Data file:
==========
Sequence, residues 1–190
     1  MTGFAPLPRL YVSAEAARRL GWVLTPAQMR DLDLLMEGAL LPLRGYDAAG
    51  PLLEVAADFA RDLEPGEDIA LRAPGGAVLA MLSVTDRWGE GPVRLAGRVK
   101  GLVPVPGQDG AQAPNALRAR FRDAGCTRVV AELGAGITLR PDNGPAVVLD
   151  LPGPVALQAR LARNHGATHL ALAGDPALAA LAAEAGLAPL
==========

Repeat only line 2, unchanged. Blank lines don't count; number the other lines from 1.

     1  MTGFAPLPRL YVSAEAARRL GWVLTPAQMR DLDLLMEGAL LPLRGYDAAG